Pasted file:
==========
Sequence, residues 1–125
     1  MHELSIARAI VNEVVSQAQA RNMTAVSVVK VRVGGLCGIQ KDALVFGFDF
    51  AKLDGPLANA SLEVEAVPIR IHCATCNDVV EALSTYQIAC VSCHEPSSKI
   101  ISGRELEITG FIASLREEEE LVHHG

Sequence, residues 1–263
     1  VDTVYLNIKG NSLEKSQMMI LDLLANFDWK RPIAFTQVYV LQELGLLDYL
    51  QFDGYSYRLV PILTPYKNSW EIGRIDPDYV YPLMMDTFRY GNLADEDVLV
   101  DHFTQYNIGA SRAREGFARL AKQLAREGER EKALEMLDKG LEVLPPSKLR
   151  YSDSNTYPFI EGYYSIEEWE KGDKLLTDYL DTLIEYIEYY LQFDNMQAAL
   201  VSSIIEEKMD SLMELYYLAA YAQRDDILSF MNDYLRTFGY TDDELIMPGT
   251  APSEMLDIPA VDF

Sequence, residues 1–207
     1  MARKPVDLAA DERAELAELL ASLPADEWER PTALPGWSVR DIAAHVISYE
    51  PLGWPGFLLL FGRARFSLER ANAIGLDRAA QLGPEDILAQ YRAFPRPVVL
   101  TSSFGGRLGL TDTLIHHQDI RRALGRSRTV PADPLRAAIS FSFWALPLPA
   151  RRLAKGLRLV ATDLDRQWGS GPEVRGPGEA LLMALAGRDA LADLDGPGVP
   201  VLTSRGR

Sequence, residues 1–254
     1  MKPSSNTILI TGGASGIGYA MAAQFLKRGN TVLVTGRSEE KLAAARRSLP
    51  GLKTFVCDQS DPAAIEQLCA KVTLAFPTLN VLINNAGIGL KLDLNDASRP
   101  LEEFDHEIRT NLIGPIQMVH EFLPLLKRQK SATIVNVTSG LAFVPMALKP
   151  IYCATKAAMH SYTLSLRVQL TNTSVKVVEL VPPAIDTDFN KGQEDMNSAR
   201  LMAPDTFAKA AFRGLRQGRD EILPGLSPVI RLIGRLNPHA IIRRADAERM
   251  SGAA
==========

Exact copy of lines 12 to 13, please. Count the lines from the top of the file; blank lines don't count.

Sequence, residues 1–207
     1  MARKPVDLAA DERAELAELL ASLPADEWER PTALPGWSVR DIAAHVISYE